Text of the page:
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Team Previews: 2009 Philadelphia 76ers Preview

Kyle McKeown

Kyle McKeown

Managing Editor of NBA Content kyle@rotowire.com


PHILADELPHIA 76ERS
By Kyle McKeown
RotoWire Writer



STATE OF THE FRANCHISE



Expectations were high for the Sixers last year after signing Elton Brand to a five-year contract in the offseason, but they had trouble getting out of the gate and the Sixers' new general manager, Ed Stefanski, fired head coach Maurice Cheeks after a 9-14 start. Tom DiLeo was installed as the interim head coach and was able to lead the team back to the playoffs despite injuries to Brand and inconsistent play at the center position from Samuel Dalembert. Their offseason wasn't as dramatic this year, but they made some important moves.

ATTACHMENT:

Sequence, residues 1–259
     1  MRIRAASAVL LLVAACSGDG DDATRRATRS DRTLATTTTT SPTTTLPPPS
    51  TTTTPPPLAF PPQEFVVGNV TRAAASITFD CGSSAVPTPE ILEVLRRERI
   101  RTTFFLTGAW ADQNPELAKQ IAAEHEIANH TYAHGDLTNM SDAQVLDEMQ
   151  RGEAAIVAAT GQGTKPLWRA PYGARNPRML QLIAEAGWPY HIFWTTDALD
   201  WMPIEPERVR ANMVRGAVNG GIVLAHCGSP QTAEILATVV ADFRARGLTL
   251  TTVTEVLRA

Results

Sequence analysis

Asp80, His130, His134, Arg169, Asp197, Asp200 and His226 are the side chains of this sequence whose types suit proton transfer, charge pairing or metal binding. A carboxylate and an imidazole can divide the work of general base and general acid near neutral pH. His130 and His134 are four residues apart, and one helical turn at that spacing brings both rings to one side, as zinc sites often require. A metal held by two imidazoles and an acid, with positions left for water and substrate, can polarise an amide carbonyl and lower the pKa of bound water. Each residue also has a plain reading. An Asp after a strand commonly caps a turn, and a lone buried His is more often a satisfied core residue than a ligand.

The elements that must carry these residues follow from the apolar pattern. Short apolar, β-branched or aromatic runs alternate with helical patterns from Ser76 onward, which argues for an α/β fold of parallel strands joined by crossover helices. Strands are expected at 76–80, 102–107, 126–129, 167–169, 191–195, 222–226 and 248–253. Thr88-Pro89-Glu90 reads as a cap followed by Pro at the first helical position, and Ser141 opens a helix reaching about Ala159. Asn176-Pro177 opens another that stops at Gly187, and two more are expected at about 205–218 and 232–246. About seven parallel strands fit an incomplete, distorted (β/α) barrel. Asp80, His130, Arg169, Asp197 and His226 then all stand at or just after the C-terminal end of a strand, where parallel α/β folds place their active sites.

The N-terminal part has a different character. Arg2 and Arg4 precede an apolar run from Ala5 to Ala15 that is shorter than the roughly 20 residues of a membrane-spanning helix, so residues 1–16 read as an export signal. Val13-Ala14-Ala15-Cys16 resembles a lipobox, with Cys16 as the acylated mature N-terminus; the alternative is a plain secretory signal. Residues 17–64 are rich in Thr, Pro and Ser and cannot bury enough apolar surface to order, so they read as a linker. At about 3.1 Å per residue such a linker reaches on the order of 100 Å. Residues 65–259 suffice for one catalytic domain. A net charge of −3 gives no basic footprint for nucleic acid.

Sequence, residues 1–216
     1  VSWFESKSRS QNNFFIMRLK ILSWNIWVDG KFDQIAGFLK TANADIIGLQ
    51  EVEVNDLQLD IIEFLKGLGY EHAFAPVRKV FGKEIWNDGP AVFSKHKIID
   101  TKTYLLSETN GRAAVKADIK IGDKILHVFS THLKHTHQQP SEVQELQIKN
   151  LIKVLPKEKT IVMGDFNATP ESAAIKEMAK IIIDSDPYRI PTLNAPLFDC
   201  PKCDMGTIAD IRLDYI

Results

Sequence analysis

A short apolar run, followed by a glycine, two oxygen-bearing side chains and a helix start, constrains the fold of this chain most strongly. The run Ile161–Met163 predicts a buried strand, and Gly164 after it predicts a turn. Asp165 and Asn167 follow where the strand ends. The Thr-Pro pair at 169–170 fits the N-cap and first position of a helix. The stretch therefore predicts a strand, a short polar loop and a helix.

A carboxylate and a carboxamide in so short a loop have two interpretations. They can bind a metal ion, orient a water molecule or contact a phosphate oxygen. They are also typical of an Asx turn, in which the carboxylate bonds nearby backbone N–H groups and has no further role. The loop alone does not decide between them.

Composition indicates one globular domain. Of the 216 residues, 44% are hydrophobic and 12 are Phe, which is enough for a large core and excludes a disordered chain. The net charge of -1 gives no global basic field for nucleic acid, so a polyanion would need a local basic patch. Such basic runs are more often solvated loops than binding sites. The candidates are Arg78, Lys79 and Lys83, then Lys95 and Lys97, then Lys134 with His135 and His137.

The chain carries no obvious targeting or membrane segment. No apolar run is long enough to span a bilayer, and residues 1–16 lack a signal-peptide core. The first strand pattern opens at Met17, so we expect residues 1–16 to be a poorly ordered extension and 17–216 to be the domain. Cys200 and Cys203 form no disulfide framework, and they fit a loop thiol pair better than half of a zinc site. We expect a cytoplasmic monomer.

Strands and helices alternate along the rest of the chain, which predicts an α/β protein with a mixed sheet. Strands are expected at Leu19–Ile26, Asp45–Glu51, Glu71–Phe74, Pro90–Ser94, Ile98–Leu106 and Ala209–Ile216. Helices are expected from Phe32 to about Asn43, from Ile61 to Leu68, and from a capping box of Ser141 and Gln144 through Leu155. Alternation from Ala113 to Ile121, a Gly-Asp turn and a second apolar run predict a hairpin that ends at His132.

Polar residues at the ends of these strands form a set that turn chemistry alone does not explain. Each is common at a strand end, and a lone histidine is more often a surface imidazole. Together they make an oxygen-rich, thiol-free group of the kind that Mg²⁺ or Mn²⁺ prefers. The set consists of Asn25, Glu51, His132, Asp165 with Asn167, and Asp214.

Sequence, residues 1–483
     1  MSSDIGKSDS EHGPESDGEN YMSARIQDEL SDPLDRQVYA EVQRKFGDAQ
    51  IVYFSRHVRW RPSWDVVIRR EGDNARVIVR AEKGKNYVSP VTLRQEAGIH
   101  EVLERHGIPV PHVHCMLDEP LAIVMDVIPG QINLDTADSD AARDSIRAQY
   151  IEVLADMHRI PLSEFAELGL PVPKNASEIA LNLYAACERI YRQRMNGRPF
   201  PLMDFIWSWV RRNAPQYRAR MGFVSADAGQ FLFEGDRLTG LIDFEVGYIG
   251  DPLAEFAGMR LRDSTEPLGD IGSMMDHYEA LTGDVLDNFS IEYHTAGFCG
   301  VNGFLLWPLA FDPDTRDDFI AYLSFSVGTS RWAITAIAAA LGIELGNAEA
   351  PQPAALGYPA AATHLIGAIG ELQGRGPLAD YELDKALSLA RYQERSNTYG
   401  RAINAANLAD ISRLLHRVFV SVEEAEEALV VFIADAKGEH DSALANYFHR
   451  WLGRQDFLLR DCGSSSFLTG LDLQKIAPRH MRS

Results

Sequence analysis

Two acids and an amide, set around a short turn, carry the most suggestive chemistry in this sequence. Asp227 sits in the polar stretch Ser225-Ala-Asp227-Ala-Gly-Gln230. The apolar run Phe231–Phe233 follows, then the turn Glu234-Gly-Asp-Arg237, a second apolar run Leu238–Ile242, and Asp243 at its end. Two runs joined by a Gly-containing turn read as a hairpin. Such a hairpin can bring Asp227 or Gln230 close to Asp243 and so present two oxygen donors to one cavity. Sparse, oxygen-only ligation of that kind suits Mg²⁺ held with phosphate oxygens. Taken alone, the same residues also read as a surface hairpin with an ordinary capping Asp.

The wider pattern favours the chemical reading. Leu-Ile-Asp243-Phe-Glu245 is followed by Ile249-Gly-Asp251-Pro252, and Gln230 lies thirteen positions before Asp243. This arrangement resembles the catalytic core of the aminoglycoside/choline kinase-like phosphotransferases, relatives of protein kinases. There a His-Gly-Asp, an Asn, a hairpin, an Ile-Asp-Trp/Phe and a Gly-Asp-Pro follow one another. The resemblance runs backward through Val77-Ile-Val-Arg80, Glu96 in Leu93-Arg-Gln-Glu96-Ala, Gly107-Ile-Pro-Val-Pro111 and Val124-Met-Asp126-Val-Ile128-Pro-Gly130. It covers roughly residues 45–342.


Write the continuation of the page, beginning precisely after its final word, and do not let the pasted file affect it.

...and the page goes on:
DiLeo returned to his post as assistant general manager after the Sixers' first-round playoff loss to the Magic, which left a vacancy at the head coach position for the second time in five months. Former Wizards head coach Eddie Jordan was hired in May to fill the role. Jordan runs a (pro style) Princeton offense, which emphasizes movement and the ability of every player to initiate offensive sets. The implementation of Jordan's new offense impacted some of the team's offseason moves. Their first was to trade Reggie Evans, a rebounding specialist, to Toronto for Jason Kapono, a three-point specialist. Marreese Speights' fluid transition to the NBA last year gave the Sixers depth in the frontcourt that made Evans expendable, while the addition of Kapono gives the Sixers the consistent three-point threat they had tried to acquire the previous offseason. Their second major move of the offseason was to let veteran point guard Andre Miller walk via free agency, putting the ball in the hands of Louis Williams and occasionally even Andre Iguodala.




PLAYING TIME DISTRIBUTION